Just like the evolution of the science, Biology as a GCSE subject has evolved over the years to reflect the many new discoveries found and research methods used by biologists. It is a fantastic subject to learn about.
For instance, the current GCSE Biology syllabi teach students about Dolly the sheep, the first ever cloned animal, who marks a scientific breakthrough that wouldn’t have been believed possible prior to 1996.
Some of the ways the content has advanced with the times is with the addition of new modules covering things like growing crops, which we now know much more about thanks to developments in the research of cultivation, breeding and harvesting of crops.
Not only has our knowledge widened, but our outlook has too and the subject is taught with a whole-world economic focus.
In addition, as biotechnology moves forward, teachers now consider the use of larger-scale bio-fermenters and how enzymes are now used commercially. That said, technology now plays a very big part in the life of scientists, so are these small additions to the course content enough to reflect just how much Biology has evolved in the contemporary world?
As we’ve mentioned in other posts concerning GCSE Biology, the subject naturally has close links to the other Sciences, but also with Mathematics. However, have you ever considered how inter-related Biology and Information Technology are too?
Advances in technology are forever changing what we are capable of doing and finding out, not just in the world of science, so it is inevitable that this modern technological era has has a huge influence on Biology in recent years, not to mention the impact it has had on how Biology affects us in our daily lives.
In fact, modern molecular Biology relies very heavily on new technologies. However, the technological components of Biology courses at this level have scarcely changed over the last few decades.
Scientists believe that modern Biology courses, if they want to really encourage young biologists and give them a real insight into the live science as it exists today, should bring courses up to date and make them more relevant to the discipline.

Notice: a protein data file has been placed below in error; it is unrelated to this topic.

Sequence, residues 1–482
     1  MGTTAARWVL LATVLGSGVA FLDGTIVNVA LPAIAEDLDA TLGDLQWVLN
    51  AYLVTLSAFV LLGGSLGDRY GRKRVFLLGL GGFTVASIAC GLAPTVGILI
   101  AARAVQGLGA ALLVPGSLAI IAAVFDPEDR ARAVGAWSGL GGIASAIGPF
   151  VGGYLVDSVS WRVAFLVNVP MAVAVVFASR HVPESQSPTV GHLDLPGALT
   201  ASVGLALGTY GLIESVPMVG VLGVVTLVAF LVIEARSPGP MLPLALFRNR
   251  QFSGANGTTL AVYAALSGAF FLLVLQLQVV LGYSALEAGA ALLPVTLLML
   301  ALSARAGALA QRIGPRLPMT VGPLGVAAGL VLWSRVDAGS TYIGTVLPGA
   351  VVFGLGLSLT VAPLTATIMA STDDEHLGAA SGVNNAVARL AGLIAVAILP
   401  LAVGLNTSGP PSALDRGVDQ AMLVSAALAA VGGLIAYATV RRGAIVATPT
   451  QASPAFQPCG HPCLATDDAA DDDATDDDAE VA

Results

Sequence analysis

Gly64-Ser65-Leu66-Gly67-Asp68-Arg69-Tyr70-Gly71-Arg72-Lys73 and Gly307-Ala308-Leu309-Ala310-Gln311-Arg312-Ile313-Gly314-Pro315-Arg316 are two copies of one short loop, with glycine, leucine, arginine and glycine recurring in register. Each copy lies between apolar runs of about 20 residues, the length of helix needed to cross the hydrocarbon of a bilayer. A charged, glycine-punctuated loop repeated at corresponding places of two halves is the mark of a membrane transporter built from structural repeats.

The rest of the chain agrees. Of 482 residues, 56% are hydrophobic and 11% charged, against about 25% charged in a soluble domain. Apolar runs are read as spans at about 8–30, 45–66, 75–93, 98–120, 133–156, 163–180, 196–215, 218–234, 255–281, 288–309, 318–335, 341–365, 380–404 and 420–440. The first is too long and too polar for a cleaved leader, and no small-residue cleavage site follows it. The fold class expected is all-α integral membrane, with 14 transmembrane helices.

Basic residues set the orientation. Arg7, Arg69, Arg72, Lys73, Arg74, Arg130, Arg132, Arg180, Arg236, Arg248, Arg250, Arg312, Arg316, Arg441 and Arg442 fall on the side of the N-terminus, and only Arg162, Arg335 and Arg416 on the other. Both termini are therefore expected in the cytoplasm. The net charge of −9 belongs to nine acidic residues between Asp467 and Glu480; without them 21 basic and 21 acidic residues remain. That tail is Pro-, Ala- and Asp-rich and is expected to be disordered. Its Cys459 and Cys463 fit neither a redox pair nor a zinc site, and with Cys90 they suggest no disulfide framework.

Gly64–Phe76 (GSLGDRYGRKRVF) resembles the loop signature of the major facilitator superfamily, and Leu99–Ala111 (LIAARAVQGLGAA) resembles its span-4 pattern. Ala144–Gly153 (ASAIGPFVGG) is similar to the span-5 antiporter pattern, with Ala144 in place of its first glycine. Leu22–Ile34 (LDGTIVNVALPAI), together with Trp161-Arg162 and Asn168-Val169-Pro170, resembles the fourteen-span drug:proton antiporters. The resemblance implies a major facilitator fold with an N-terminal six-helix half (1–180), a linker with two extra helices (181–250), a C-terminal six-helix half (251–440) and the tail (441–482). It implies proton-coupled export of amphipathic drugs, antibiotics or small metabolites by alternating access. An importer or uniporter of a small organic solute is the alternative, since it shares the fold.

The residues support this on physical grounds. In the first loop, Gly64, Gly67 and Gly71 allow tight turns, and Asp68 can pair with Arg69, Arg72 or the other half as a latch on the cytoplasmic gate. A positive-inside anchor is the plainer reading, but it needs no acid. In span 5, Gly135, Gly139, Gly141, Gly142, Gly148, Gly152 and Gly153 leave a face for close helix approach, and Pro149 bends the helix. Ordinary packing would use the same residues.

While it seems that Physics is growing with the times, professionals from the Biology sector do not feel that their subject field is given the same level of sophistication within education and therefore aren’t given the basics needed to truly understand things like DNA sequence alignment or gene prediction algorithms.
These concepts, which are described as bioinformatics, are important to contemporary biologists and it is thought by the scientific community that these statistical techniques should be taught as part of national curriculums to give an-all round teaching approach to the branch of science.
This pedagogical argument is still on many people’s lips, however young biologists can feel confident in the knowledge that the new AQA Biology GCSE, for example, has been produced in conjunction with Mathematics and Physics experts.
While the Sciences have been studied for generations as part of what was known as the CSE, and then the O Level, the qualification that we know today has only been around since 1988. That, however, does not mean to say that the course has stayed the same since the 80s. Far from it.
Firstly, we have seen some changes to the content covered, which we have exemplified above, but also in the way that the GCSE course is marked.
For instance, between 1988 and 1994, GCSE grades were awarded from A-G (with the possibility of getting a U mark, even back then). Since the mid 90s, however, an A* grade has been in place to distinguish the highest scoring pupils from the rest of the A category.
Science exams, in particular, have been given special attention in recent years and have moved away from the traditional structure, whereby students would study three scientific components (Biology, Chemistry and Physics) and receive a final grade which encompassed all three of these in equal measures.